Dental FAQs for Teens

Are Teens Candidates for Cosmetic Dentistry?

Cosmetic dentistry continues to become more popular as techniques advance both in ease of treatment and in enhanced results. Teens and young adults are reaping the benefits also. No one feels confident when they are unhappy with their appearance and teens are extremely image conscious.

One popular cosmetic treatment is Zoom ® Laser Whitening. Now teens 15 or older are being treated safely and successfully. Teeth lighten noticeably in just one visit. Patients are fitted with custom-made trays to maintain the color at home.

Another popular cosmetic procedure is laminate veneers or Lumineers®. These are ultra-thin, custom-made shells designed to cover the front of existing teeth and are appropriate for all ages. Both durable and natural-looking, veneers are the ultimate in aesthetics. There is no longer a reason to put up with gaps, unattractively shaped or unevenly sized teeth that orthodontics cannot repair. Veneers can be placed to correct nature’s imperfections or the results of an injury. Veneers can also be used to cover tetracycline-stained teeth. And at the Children’s Dental Health Center at Englewood Dental, we have our own in-house lab technicians so the color and shape of the veneers can be matched precisely to the patient’s other teeth. Veneers can be done in just two visits…convenient treatment with beautiful results.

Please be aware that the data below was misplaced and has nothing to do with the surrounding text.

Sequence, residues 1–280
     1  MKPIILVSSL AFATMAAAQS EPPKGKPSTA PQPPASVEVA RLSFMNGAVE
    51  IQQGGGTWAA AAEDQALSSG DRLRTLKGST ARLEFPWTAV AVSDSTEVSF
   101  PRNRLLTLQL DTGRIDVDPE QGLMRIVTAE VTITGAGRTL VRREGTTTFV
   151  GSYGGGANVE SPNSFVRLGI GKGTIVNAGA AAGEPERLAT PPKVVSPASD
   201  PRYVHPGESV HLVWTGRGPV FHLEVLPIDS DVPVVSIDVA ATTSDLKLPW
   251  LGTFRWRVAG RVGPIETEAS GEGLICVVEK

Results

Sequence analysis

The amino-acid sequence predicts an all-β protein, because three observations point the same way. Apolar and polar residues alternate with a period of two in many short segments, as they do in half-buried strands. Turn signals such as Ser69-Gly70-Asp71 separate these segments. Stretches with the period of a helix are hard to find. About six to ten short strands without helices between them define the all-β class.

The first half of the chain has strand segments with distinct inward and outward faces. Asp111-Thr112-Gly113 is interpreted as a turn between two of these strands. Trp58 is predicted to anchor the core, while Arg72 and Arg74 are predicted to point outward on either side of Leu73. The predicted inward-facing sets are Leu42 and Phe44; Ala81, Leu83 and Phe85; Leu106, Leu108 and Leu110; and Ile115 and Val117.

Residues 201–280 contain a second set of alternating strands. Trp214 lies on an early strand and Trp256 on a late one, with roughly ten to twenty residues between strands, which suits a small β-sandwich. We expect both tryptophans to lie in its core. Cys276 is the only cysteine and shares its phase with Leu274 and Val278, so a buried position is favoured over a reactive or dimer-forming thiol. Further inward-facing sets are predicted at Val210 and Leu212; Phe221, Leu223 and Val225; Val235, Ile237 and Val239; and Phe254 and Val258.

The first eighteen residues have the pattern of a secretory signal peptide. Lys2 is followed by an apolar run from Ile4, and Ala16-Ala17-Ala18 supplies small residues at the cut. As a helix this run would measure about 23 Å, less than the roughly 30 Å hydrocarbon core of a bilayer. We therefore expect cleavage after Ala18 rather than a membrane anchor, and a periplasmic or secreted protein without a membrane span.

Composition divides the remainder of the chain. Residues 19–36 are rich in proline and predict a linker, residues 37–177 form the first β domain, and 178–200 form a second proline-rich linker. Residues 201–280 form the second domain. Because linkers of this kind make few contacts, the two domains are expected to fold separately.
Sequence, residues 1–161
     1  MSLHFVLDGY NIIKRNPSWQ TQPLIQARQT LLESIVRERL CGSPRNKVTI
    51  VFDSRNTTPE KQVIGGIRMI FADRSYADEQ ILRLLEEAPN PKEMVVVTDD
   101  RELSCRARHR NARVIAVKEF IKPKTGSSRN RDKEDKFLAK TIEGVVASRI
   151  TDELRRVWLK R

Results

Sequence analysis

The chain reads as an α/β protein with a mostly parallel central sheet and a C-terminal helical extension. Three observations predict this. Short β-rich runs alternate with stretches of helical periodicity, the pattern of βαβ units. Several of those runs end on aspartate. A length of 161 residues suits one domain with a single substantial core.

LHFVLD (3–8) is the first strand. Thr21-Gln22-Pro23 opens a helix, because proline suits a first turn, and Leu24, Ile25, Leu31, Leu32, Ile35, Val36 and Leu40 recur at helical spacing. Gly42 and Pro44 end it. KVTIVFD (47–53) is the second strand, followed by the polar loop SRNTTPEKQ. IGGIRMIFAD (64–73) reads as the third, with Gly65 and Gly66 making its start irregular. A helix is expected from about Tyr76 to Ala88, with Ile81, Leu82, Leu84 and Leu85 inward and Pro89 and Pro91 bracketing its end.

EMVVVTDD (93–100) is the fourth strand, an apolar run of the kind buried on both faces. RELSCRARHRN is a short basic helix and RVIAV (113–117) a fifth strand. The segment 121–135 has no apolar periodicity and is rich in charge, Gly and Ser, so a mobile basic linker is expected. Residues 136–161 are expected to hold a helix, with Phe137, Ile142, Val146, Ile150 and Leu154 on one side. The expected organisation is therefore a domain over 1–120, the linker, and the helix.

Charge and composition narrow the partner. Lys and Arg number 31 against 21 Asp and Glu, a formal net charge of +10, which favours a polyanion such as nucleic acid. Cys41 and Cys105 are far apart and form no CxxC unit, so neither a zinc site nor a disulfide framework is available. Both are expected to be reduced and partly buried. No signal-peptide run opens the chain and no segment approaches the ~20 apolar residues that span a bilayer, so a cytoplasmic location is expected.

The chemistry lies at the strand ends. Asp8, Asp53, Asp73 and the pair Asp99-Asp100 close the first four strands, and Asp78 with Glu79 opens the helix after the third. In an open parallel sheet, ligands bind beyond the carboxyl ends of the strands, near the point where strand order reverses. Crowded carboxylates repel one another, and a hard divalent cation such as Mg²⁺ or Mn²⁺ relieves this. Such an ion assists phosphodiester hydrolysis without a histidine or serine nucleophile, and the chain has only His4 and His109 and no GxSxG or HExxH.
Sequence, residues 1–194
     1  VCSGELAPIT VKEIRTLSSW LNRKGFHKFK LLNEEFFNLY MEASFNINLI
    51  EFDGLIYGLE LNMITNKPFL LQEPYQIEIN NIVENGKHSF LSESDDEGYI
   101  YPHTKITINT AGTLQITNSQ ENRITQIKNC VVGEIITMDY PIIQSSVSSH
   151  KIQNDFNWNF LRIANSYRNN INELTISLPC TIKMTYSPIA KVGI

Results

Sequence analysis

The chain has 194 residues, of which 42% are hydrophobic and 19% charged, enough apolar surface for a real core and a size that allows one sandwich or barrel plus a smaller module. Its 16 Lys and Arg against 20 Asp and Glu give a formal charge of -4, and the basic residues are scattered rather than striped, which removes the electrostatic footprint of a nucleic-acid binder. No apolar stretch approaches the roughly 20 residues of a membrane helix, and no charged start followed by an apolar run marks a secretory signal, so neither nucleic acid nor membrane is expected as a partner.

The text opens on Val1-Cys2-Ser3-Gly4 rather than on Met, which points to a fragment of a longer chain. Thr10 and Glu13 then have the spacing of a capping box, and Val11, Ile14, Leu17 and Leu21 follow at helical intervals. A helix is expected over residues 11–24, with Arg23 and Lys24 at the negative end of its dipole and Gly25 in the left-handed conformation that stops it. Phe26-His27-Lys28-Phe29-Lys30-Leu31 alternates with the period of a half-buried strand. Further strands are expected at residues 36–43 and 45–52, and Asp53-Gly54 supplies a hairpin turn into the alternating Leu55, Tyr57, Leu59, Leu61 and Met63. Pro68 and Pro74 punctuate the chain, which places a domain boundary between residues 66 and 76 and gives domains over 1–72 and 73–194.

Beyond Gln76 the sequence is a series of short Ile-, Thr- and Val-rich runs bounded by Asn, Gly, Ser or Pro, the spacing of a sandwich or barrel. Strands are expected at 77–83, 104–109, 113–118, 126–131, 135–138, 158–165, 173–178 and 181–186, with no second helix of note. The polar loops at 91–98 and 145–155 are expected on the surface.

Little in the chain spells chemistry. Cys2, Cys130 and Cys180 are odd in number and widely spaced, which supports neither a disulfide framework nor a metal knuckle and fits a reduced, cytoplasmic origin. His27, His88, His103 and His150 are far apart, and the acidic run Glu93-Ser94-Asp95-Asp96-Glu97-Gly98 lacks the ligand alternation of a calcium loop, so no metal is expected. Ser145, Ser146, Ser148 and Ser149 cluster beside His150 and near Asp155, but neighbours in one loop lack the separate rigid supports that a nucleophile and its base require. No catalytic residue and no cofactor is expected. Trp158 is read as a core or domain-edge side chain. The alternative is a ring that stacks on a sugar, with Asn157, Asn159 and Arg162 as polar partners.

Bonding is another excellent method for correcting chipped or broken teeth. It is affordable, quick and can repair many flaws and injuries. It is similar to sculpting individual teeth with a special material that looks, acts and feels like the real thing. If your teen is not happy with the smile nature bestowed, call our office for a free consultation to discuss treatment options (normal value $l45).

Is Tongue Piercing On Your Teen’s List of Must Haves?

Tongue piercing has become increasingly prevalent amongst teens. The procedure may seem innocuous but it actually poses a high risk of complications. Complications can include pain, edema, prolonged bleeding after piercing, infection, gingival injury, tooth fracture and the possible swallowing of the jewelry, amongst others. The National Institute of Health has identified piercing as a possible method for transmission of hepatitis as well. Teens need to be made fully aware of the risks before they decide on piercing. If problems occur afterwards, they need to be seen by a dentist as soon as possible.

What should I do if my child’s permanent tooth is knocked out?

Find the tooth and rinse it gently in cool water. (Do not scrub it or clean it with soap — use just water!) If possible, replace the tooth in the socket and hold it there with clean gauze or a washcloth. If you can’t put the tooth back in the socket, place the tooth in a clean container with milk, saliva, or water. Call our office immediately, the faster you act, the better your chances of saving the tooth. We do offer emergency visits.